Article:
Keywords public policy; roadway lighting; energy consumption  
  Abstract This paper examines how the lighting of roads in the UK might be changed so as to preserve the benefits while minimising energy consumption. It is divided into four sections, these being changes in technology, changes in patterns of use, changes in standards and contracts and changes in the basis of design. Useful changes in technology and patterns of use are available now, but their use will raise the question as to whether or not environmental considerations can override conventional financial constraints. Changes in standards and the basis of design are much more long term. Comparisons of road lighting standards used in different countries show significant differences that deserve examination. As for the basis of design, consideration of the importance of light to fatal and personal injury accidents of different types suggests that road lighting should be concentrated where pedestrians are common, not where speeds are highest. Ultimately, considering carefully what problem road lighting is intended to solve and whether or not road lighting is the best answer is the key to minimising the energy consumption of road lighting without diminishing road safety.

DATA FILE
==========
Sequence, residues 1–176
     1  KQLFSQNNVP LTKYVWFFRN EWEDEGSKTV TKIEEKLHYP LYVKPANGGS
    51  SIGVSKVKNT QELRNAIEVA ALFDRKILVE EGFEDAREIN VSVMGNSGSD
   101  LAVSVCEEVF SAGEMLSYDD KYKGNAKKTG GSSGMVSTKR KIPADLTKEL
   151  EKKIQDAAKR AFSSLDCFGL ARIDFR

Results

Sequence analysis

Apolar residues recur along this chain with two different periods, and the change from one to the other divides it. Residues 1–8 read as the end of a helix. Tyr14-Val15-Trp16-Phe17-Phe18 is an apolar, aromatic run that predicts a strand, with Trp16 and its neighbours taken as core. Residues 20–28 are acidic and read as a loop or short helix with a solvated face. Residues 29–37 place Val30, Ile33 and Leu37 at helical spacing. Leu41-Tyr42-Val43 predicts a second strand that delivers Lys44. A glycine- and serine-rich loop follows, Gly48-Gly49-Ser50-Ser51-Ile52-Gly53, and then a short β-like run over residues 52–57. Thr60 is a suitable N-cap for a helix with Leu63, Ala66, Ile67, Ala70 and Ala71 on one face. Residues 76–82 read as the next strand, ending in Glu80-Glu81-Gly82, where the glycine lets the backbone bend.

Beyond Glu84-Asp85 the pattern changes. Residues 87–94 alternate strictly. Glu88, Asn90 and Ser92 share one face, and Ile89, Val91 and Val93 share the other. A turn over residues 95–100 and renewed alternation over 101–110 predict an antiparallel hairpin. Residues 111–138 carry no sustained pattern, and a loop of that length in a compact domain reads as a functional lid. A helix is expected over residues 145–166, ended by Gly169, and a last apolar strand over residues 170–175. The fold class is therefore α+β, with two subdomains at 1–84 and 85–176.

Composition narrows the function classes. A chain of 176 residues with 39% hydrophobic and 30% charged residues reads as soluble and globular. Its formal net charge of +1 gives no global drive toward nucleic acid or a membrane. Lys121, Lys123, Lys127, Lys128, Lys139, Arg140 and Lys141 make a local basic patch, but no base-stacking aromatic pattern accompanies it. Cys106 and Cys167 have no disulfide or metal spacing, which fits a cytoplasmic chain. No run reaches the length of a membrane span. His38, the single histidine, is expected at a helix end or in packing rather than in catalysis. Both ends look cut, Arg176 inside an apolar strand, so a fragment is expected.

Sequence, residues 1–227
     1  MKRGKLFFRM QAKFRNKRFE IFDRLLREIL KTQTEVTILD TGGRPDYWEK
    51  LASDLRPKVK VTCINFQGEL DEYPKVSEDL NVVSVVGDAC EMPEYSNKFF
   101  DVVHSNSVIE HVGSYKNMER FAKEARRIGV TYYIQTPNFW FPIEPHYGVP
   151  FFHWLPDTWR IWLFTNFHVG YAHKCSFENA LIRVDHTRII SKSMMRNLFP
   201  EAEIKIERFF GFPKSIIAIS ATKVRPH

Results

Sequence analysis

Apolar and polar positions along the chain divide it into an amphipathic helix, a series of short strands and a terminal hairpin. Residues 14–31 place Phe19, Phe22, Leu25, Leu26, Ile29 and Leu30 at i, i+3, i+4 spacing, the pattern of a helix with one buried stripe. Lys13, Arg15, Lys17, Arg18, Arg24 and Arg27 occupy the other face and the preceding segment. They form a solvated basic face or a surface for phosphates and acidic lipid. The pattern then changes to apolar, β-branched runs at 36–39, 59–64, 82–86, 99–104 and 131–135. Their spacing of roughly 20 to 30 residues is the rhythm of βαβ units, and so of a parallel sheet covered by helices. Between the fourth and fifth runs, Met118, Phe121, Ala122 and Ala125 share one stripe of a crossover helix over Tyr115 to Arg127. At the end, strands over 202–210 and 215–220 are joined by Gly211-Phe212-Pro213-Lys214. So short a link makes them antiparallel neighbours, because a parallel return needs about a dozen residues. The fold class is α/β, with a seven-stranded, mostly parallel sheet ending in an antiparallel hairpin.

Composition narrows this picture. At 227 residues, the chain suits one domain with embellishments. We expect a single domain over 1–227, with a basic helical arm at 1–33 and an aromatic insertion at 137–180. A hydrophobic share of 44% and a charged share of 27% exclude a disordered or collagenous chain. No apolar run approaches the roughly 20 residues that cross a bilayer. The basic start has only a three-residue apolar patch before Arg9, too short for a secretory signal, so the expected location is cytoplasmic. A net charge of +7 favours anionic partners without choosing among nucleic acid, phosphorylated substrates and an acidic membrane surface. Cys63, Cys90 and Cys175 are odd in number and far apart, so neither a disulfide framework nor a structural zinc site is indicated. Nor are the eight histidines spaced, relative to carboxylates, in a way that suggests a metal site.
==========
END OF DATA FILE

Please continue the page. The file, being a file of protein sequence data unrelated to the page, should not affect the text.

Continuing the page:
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  ISSN 1477-1535 ISBN Medium  
  Area Expedition Conference  
  Notes Approved no  
  Call Number IDA @ john @ Serial 249  
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Author Marchant, P. url  doi
openurl 
  Title Evaluating area-wide crime-reduction measures Type Journal Article
  Year 2005 Publication Significance Abbreviated Journal Significance  
  Volume 2 Issue 2 Pages 62-65  
  Keywords lighting; crime; safety  
  Abstract When we look around an imperfect world, we feel an understandable impulse to improve matters. We may therefore decide to intervene by prescribing medical treatment or by introducing crime reduction measures. But how do we know that what we do is likely to work? In medicine the standard answer is to do a trial; not surprisingly the same is true in crime reduction. But, says Paul Marchant, the lessons learned from medical trials have not been implemented in the latter field.  
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  Series Volume Series Issue Edition  
  ISSN 1740-9705 ISBN Medium  
  Area Expedition Conference  
  Notes Approved no  
  Call Number IDA @ john @ Serial 253